The State of the Union address Tuesday night showcased the best and worst of our President.  His best is eloquently delivering a message of hope and progress, assuring everyone that America is getting progressively stronger on all fronts, both here and abroad. No one can dispute that he is the unmatched master at boldly and confidently reciting a teleprompter message that creates a powerful impression of strong leadership and flawless judgments. It’s easy to get a feeling that he must possess some unique, unknown, reassuring facts that no one else sees – say, that there’s an extra $16 trillion pot of gold buried in the Whitehouse basement.  I have no doubt that millions of Americans, having heard the speech, retired to their beds confident that America’s future is assured with Obama at the helm.

As with any Obama speech, I find it necessary to extract all the hype by printing out and reading the text of the speech.  It’s always revealing.  Stripping away the force of Obama’s personality actually confirms the brilliance of his delivery skills because the naked words, left to their lonesome, usually say very little.  This particular speech was one of the worse.  Many of the words and phrases were familiar.  I had read them before. Obama was just using the State of the Union address as another forum for his old, worn out campaign rhetoric.  And, in the process, the worst of Obama was being manifest in two powerful ways.

The first relates to the ever-growing gaps between Obama’s broad brush claims of what he is doing and what his administration is actually doing.  The gaps grow wider on almost every key issue – unemployment, energy, government regulation, taxes, fiscal responsibility, border control, military strength, Iran, China, you name it.  In this annual spectacle, the gaps were center stage. He just takes an issue that appears to be resonating with the public through the efforts of others (such a getting tough with China, one of the recent ones) and starts proclaiming that he’s tackled the matter.  His capacity to fabricate and twist facts to stake his claim seems limitless.  It’s as if perception really is his reality.  His plummeting credibility seems to be of no concern so long as the media covers his back (as it always does) and most Americans remain clueless (as they do).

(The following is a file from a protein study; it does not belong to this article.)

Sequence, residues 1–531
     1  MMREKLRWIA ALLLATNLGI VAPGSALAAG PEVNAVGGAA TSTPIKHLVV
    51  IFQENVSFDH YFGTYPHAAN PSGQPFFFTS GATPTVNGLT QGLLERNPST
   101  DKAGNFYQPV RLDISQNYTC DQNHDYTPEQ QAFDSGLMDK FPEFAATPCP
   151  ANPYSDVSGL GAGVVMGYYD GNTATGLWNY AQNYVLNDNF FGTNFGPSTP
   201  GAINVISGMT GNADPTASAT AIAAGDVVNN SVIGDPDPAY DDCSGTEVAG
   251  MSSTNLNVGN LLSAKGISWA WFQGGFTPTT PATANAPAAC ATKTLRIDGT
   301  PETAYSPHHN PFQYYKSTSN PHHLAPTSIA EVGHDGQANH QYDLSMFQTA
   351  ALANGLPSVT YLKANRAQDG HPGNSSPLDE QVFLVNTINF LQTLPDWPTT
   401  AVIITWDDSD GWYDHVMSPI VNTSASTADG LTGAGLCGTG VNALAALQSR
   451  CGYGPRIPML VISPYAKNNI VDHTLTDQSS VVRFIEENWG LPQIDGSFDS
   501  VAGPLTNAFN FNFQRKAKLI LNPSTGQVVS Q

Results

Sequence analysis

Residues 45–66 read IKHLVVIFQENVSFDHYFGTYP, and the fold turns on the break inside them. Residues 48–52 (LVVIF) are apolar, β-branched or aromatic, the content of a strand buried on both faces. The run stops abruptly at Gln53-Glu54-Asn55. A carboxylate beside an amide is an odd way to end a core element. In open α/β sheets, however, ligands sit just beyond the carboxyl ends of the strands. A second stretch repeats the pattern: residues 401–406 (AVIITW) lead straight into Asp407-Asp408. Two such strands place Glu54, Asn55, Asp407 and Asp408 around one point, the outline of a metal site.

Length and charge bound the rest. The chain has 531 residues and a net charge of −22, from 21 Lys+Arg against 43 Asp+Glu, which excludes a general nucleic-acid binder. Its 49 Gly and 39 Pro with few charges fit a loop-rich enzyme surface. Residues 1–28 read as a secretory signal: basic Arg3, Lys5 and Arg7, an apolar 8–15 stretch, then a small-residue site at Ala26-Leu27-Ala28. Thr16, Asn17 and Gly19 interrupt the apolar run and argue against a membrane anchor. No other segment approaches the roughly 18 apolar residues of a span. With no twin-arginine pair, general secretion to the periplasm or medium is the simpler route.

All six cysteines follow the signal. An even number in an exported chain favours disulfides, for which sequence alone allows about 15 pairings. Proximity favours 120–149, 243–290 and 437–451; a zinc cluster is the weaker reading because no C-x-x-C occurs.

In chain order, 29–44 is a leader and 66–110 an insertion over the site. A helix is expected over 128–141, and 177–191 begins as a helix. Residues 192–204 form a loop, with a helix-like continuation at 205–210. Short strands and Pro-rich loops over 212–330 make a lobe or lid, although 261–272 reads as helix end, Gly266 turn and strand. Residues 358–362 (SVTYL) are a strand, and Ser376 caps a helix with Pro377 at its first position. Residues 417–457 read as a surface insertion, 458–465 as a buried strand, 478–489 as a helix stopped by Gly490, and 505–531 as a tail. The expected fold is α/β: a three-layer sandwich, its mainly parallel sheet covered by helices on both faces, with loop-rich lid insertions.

But of far greater concern is the second way that this speech showcased the worst of Obama.  He just didn’t talk about the important stuff – the core issues relating to the state of our union.  As always, he ignored the tough realities to advance a worn out campaign message that all will be well if the federal government can just spend more on pet projects and tax the hell out of the Obama-defined rich.

The list of critical omissions in this State of the Union address is huge when the big picture facts are considered – that, for example, the federal government hasn’t had a budget in over 1,000 days; that the value of the dollar is continually dropping along with the real income of Americans; that our food stamp rolls have ballooned to over 40 million (up 50 percent from pre-recession levels); that the number receiving unemployment benefits has jumped four-fold (400 percent); that over 4.4 million are now on welfare (up 18 percent); that Medicaid costs have leaped 36 percent in two years; that an additional 750,000 people (an increase over normal projections) are now gaming Social Security to collect disability benefits for the balance of their working days; that nearly 50 percent of America’s households now do not pay a dime of income taxes; and much more.

It’s far beyond the scope of this effort to describe any significant portion of the important omissions.  But here’s my take on the top five matters that were conspicuously left out of this State of the Union address.

1.  There was no mention of Obamacare, the biggest elephant in the House chamber by any standard and the crown jewel of the Obama administration.  Implementation of this unprecedented massive legislation, passed under the most shameful of circumstances, will truly accomplish Obama’s goal of “fundamentally transforming” America.  America will never be the same.  A constitutional showdown is slated in the Supreme Court this spring; every Republican Presidential candidate advocates complete repeal; and Americans of all ages are frozen with fear, along with the private business sector.  The risks include much higher healthcare costs, reduced healthcare services, rationed care, diluted Medicare benefits, rapidly escalating deficits, crushing financial blows to the states, and a federal bureaucracy of unprecedented size that has already earned a well-deserved reputation for inefficiency, fraud, waste and abuse.  It’s hard to imagine any discussion about our nation that doesn’t include a focus on the risks and challenges of Obamacare.